A Complaint About The Iron Editor Event Significant contextual problems with the Iron Editor event.
Posted 19 May 2007 - 12:18 AM
I'm posting it here instead of the Con Gripe board because the Con Gripe board is already overflowing with insanity w/r/t registration issues, the masquerade, and various other things like the mess on the Dan Ryan Expressway. That's unnecessary clutter, and I want this topic to be given full attention, so I'm posting it here. However, if this post is better placed in the Gripe board, I won't mind if it's moved.
First, a little bit about me: I've attended Anime Central since 2003. Although I have never been a staffer, I have been heavily involved with Anime Central's AMV programming: first, as a five-year participant in the AMV contest; second, as Anime Central's 2004-2005 Iron Editor; third, as a panelist.
I don't know how that will color the rest of this post -- that's up for you, the reader, to decide -- but I feel that it's necessary to get that information out there.
With that out of the way:
I think this year's Iron Editor competition suffered from significant problems, some of which revolve around context. Here's a breakdown of what I thought were the two most significant problems.
Hosts and Entertainment
Iron Editor is AMV-oriented by its nature, but that doesn't mean that it should exclusively cater to people who are intimately familiar with the subject material. It definitely does not mean that the judges and host(s) should use inside jokes from AMV sub-communities for entertainment.
Unfortunately, I saw a lot of this. Here are some examples.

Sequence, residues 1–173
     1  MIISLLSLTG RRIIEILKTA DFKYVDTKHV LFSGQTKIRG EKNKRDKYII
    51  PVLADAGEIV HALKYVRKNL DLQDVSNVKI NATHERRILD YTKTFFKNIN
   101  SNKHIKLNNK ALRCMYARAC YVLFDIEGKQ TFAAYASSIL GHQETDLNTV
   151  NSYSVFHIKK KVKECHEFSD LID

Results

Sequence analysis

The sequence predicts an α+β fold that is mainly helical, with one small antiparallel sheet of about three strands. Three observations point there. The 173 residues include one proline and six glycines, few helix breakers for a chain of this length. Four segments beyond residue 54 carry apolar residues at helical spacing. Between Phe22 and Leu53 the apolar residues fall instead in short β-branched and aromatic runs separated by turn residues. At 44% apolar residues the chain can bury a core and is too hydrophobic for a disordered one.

- References to "the .org". Believe it or not, this isn't that well-known among the general populace, or even people who like and/or edit AMVs.
- Inside jokes about bets, regardless of whether I'm involved with them or not. Now, I don't really care if people tell what I did four years ago for some AMV-based bet. What I _do_ care about is people trying to use that as an excuse for crowd entertainment. It's a bad idea, because it requires too much context and too much time-consuming explanation for it to be entertaining.
- Distinctive characteristics of some AMV editors, whether or not you think said characteristics are known outside your social circles. (Is there any more to be said about why this is a bad thing?)
- Catch phrases, e.g. "shirtless o' clock". I know what that's a reference to, but I bet that most people haven't a clue what it's supposed to mean. This isn't because I'm in some position of privilege, but because I just happen to be in a social circle where that term has meaning. Such terms are completely inappropriate in the context of entertaining large audiences.
One of my main concerns about Iron Editor has been the Iron Editor judges not knowing the full scope of their audience. After all, it's easy to entertain your friends, because you've shared so much with them: sometimes, just mentioning a phrase, or even a word with the proper inflection, is enough to trigger raucous laughter. Those techniques just do not work with a large audience.
These examples, and others, are my concerns realized, and that's not a good thing.
As far as I know, Iron Editor is supposed to be a family-friendly event.
Dr. Tran is not family-friendly material, especially not when the episode playing on giant projection screens features a senile grandmother running over young children, with the whole mess accentuated by generous blood spatters.
Did I mention that this year's Iron Editor was attended by a grandmother? Yeah. She was pretty pissed off when that started playing.
Content ratings aside: what the hell does that have to do with AMVs? How is that unique to Iron Editor? How does that involve the audience? Games and the like are good, unique, interactive fun that really add to the soul of the Iron Editor event. If I wanted to watch Dr. Tran shorts, or Haloid, I could do that in the video rooms, or -- probably even better -- watch it with a group of friends on a laptop.